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Gluten Free Baking in a Bread Machine

For people on a gluten free diet, bread is often what they miss the most. When looking for a replacement for your daily bread, it can be a struggle to find something palatable without all the additives that shop-bought breads include. So making your own seems to be a good choice as you control what goes into your loaf and a bread machine might just be the tool to help you in the process!

If you’d rather start with a hand-baked method, you can find recipe here, or why not watch our video? Alternatively keep on reading…

The bread machine

The ingredients

The setting


What to expect

What if it all goes down the pan?


The bread machine

Choosing your bread machine is the first step: make sure you think about how you will be using this new gadget. Look out for a gluten free setting. Should you already own a machine that hasn’t got this feature, worry not: there are some alternative programs you can try and still achieve good results. How many people will you be catering for? This will define what size machine you will be looking at.

Once you know what you will be using the machine for you will find it easier to narrow down your search, decide which baking cycle matters to you and what size pan you require. It’s well worth spending the time researching which model will work best for you and your needs.


  • Pan size: when choosing and using your bread machine, it’s important to know what size bread pan your machine has and what size loaf this will make. This will also dictate what recipes are suitable for your pan. Below is a chart that shows what size loaf your pan will make. To have a rough idea of your pan size, fill it with water and pour it into a measuring jug.
  • Loaf size: as a general rule, gluten free bread in a machine gives better results if the loaf is bigger, this is due to the amount in the pan and the machine being able to mix the ingredients better. Your machine will offer various sizes for your loaf and we usually recommend choosing a LARGE loaf, this will give you nice, big slices, ideal to make a sandwich, whereas a medium-size loaf might disappoint in size.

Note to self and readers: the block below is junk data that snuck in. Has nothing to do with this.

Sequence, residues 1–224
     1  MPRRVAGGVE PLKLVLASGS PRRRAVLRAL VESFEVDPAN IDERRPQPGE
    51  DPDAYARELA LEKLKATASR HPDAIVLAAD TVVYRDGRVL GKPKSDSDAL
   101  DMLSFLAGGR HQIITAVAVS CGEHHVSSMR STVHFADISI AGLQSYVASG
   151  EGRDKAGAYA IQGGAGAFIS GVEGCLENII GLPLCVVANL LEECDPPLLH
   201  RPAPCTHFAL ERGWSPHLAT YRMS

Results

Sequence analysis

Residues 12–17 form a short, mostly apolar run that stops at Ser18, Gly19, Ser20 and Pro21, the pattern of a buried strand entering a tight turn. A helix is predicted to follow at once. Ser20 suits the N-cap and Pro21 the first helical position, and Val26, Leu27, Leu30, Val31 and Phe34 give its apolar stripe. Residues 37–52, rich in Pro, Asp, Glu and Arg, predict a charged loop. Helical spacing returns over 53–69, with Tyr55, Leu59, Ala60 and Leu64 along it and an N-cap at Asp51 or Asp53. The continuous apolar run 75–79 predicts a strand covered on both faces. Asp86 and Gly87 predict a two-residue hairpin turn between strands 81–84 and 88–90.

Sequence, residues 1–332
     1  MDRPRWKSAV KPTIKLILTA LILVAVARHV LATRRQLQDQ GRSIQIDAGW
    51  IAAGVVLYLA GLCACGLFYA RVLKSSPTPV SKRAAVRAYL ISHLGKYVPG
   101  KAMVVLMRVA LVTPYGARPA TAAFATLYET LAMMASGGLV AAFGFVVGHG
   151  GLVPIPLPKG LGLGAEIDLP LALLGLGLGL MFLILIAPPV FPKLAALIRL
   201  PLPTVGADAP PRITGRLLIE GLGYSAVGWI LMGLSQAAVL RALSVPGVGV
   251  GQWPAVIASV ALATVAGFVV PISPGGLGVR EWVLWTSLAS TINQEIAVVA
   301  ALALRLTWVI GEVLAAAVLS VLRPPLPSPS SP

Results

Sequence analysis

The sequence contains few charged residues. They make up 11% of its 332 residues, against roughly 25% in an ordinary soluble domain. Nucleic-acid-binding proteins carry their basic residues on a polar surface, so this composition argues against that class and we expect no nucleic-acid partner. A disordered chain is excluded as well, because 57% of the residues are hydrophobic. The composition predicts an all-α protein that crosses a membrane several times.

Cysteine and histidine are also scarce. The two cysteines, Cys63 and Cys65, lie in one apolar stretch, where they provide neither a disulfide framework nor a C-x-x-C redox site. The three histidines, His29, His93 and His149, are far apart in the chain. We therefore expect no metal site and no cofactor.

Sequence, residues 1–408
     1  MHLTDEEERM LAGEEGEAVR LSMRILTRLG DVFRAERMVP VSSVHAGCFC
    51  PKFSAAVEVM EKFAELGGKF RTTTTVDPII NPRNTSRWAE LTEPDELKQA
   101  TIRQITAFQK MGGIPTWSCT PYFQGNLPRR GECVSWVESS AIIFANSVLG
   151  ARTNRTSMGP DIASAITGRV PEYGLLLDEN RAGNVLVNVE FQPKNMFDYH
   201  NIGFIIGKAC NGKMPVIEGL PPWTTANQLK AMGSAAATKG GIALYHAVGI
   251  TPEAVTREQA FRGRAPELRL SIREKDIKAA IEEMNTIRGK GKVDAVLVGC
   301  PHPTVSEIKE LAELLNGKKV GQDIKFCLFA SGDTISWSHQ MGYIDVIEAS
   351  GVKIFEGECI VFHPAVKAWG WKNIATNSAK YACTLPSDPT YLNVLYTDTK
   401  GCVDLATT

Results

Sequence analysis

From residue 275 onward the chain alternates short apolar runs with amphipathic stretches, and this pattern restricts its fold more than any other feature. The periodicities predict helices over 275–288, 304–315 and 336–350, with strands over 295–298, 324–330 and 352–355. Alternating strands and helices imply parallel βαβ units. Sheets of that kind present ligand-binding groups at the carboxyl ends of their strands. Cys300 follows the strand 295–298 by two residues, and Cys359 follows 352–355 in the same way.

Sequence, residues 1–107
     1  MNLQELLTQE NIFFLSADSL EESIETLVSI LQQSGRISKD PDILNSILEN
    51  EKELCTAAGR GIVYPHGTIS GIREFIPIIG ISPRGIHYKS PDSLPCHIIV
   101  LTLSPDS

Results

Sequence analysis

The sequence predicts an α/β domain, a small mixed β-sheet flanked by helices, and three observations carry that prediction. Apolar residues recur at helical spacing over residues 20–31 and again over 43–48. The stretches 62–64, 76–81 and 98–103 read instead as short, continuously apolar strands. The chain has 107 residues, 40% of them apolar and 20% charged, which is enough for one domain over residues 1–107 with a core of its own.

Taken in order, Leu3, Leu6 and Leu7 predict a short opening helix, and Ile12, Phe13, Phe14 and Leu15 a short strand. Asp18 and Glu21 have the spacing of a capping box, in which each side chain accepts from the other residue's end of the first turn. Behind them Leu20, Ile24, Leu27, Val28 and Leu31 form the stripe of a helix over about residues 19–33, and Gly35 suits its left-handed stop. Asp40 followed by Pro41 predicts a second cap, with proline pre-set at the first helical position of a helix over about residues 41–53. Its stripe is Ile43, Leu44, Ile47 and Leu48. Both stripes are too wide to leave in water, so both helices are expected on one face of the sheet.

• Cross contamination: if you are sharing a bread machine with other people who use it to make wheat bread, the best way to avoid cross contamination would be to invest in your own pan. Make sure you mark it so that you can easily distinguish it from the wheat pan.

Pan size

Pan capacity

Gluten free loaf size

Approx. servings





8 slices





12 slices





16 slices


The ingredients

Gluten gives bread its typical bread-like consistency: it springs back and it’s light and fluffy. In traditional bread making it is the kneading of the dough that develops the gluten, so the good news is that in gluten free bread making we don’t need to knead the dough, and the bad news is that we need to replace the characteristic of the gluten. But fret not, we have it covered!


  • Take care: carefully read the labels and check that all your ingredients are gluten free.
  • Be precise: for best results always use the exact quantities for the ingredients given in the recipe, which may include a relatively high level of liquid, which is needed to rehydrate the flour. The easiest way to weigh your ingredients is to put the pan straight onto your scales and add the ingredients required.
  • When the cycle is finished, make sure to remove the loaf from the machine and leave it to cool on a wire rack. By doing so you avoid steam absorption and a resulting soggy crust.

Below you can find a list of ingredients that are typically used in gluten free bread making:

  1. Gluten Free Flour – we make this from a range of different, naturally gluten free grains. We mill and blend them to make a flour optimised for baking a loaf of bread. Our FREEE by Doves Farm White Bread and Brown Bread flours are ideal for use in a bread machine.
  2. Xanthan Gum – This is used to replace the gluten in gluten free baking in general but especially in bread making. It helps to hold the structure as the bread rises. When you bake with a FREEE by Doves Farm bread flour, Xanthan Gum is already present so adding extra Xanthan Gum is not required and might inhibit the rising of the dough. If you are blending your own flour, you can add Xanthan Gum, making sure it is well blended into your flour.